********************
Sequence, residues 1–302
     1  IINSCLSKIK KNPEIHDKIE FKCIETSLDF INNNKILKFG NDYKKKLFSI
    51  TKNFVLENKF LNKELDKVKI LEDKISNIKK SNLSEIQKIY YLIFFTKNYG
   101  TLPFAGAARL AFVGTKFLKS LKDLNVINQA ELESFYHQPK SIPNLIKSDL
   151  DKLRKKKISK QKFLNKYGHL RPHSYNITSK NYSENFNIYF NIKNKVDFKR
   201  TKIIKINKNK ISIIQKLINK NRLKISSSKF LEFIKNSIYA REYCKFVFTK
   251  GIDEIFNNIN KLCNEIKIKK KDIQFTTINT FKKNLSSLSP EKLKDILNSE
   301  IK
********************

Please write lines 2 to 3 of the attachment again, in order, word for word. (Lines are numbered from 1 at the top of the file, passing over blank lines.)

     1  IINSCLSKIK KNPEIHDKIE FKCIETSLDF INNNKILKFG NDYKKKLFSI
    51  TKNFVLENKF LNKELDKVKI LEDKISNIKK SNLSEIQKIY YLIFFTKNYG